Competing interests: The authors have declared that no competing interests exist.
Physical inactivity is considered one of the greatest public health issues , . Exercising regularly minimizes risk for cardiovascular and musculoskeletal health problems and improve mental health and autoimmune functioning. Even in the face of these health benefits, the lack of adherence by a large part of the population may be due to the displeasure that accompanies exercise, especially at high intensities and especially for individuals who are sedentary . One possible cognitive explanation for high reports of exercise-related displeasure is that attentional focus is directed towards the physiological sensations that accompany metabolic changes induced by exercise . For instance, at exercise intensities above the ventilatory threshold (VT) (i.e., a marker of the transition from aerobic to anaerobic metabolism), individuals often report increases in associative thoughts about the physiological sensations they are experiencing, as well as negative affect/displeasure . At exercise intensities below the VT, positive affect is usually reported, because the same physiological sensations are minimized during “steady-states” . Interestingly, a number of studies suggest that inhibitory control, defined by the ability to regulate attention and ignore irrelevant information, may mediate one’s ability to emotionally regulate sensations about his/her physiological status [7–9]. As a result, inhibitory control may be an important neurobiological mechanism that contributes to physical activity adherence [10, 11]. In other words, inhibitory control may help to regulate an exerciser’s attention to physiological changes (i.e., his/her interoception) at different intensities , thus regulating the degree to which pleasure or displeasure is perceived, which ultimately has an impact on future exercise behavior [13, 14].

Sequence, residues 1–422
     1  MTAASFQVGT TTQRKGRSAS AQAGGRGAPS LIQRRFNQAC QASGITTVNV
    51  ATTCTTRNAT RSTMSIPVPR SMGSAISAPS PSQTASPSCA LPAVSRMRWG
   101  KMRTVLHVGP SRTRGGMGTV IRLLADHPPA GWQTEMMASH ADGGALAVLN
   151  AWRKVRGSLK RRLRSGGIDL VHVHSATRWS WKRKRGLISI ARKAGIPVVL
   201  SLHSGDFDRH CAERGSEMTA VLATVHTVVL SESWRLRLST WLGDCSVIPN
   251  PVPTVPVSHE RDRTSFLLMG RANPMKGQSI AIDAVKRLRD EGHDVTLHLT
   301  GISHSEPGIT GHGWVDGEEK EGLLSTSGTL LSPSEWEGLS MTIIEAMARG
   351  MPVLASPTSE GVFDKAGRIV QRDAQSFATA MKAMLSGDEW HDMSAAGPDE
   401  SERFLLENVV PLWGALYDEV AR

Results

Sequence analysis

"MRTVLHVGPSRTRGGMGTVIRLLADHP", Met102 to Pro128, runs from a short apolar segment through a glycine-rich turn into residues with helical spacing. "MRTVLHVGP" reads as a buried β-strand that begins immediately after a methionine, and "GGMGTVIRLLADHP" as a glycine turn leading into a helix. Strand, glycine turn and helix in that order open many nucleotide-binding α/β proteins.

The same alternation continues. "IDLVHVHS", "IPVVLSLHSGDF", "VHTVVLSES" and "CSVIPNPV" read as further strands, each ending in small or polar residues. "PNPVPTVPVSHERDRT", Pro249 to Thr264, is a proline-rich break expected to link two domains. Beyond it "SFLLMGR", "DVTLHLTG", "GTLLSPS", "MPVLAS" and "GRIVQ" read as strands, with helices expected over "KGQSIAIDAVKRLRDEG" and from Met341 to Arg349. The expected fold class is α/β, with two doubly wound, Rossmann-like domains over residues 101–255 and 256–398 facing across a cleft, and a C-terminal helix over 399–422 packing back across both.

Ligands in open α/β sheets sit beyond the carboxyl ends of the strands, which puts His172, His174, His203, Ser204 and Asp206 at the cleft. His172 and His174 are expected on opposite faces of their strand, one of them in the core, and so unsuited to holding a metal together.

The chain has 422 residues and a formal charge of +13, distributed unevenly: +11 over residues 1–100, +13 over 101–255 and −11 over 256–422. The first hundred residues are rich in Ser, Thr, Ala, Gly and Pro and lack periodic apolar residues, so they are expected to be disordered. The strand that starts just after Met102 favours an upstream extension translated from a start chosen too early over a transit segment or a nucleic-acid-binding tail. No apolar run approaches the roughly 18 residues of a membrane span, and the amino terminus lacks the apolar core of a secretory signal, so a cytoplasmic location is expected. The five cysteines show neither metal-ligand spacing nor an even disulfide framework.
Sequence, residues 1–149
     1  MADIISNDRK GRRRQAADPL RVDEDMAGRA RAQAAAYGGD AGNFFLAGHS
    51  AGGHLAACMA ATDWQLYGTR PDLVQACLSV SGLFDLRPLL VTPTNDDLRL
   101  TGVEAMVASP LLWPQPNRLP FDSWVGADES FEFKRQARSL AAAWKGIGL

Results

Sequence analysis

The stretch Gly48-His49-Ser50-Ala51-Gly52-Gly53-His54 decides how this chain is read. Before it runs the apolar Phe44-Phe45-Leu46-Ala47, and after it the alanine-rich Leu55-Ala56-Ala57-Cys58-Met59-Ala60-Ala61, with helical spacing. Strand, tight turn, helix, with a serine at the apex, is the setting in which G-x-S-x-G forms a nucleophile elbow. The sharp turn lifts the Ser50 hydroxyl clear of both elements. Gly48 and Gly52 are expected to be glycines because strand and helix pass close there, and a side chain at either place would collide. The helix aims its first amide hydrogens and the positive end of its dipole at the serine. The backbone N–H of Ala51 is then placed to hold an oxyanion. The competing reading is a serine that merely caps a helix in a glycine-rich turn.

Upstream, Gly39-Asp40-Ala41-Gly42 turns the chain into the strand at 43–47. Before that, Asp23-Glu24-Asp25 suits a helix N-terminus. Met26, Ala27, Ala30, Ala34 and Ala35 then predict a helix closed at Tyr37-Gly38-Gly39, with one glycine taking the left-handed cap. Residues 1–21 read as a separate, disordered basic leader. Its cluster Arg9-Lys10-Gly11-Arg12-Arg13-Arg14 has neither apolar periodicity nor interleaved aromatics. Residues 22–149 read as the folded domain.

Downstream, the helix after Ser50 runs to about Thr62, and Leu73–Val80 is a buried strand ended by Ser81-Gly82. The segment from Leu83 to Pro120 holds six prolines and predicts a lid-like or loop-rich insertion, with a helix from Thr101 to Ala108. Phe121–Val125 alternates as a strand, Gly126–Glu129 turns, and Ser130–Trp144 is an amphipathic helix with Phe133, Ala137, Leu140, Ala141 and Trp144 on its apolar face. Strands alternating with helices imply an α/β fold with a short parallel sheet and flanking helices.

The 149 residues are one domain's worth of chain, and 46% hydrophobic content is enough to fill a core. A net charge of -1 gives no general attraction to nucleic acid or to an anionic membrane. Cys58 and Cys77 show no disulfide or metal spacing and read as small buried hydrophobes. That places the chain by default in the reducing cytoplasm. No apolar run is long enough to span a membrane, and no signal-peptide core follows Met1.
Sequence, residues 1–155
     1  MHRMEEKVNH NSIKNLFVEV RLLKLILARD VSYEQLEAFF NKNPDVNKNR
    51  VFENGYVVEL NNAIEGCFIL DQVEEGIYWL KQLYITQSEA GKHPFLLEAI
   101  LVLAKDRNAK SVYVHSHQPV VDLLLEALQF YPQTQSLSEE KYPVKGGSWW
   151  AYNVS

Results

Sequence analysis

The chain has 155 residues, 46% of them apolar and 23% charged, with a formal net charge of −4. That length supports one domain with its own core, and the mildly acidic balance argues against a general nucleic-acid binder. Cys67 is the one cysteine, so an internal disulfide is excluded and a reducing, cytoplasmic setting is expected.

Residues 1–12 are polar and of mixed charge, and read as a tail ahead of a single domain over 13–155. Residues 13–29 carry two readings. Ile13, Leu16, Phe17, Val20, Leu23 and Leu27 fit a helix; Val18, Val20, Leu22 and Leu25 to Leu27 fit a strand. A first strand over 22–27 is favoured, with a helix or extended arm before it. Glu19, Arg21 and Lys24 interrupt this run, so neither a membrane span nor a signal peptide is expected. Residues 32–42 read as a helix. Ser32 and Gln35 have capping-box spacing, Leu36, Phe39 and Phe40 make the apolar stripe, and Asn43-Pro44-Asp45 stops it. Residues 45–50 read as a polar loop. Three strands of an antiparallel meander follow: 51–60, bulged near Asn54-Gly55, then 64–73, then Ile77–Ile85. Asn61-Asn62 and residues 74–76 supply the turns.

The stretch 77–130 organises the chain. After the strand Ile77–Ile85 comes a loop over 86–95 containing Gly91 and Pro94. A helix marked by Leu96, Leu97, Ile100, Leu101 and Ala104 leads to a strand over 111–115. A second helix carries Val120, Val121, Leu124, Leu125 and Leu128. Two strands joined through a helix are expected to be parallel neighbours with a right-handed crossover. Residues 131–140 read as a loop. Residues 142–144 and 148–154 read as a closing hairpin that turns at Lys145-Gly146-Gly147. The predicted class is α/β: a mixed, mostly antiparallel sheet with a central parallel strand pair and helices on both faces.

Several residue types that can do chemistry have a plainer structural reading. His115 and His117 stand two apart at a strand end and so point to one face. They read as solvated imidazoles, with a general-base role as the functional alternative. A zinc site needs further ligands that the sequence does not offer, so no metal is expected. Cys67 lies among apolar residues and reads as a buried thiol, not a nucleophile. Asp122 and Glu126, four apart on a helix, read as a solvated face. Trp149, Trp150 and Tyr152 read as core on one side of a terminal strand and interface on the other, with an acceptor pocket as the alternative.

Increases in exercise intensity influence the amount of interoceptive stimuli coming from the heart due to autonomic changes such as vagal withdrawal and sympathetic activation . One theoretical model of visceral and neural integration suggests that visceral feedback (e.g., heart rate variability, HRV) interacts with networks of brain regions that support emotion processing . Specifically, increased exercise intensity leads to hyperactivity of the amygdala, an area that has bottom-up projections to the prefrontal cortex (PFC), which supports inhibitory control [10, 13]. Exercise intensity also affects top-down processing, such that inhibitory control feeds back to modulate emotion. Thus, HRV may be used as a cue to generate changes in interoceptive processing during exercise, with inhibitory control tightly regulating when these interoceptive cues are ignored [12, 17, 18]. This interactive system has been explained by a neural model where the PFC actively inhibits visceral interoceptive responses (from HRV) that activate the amygdala . Separate work indicates that PFC oxygenation also changes with exercise intensity: it increases when exercising at low and moderate intensities and decreases at elevated intensities . This exercise-related hypofrontality impacts inhibitory control and emotional regulation and thus may have effects on perceived pleasure and exercise tolerance [21, 22]. However, the precise nature of this brain-heart-body interaction remains unclear, especially with respect to changes in exercise intensity.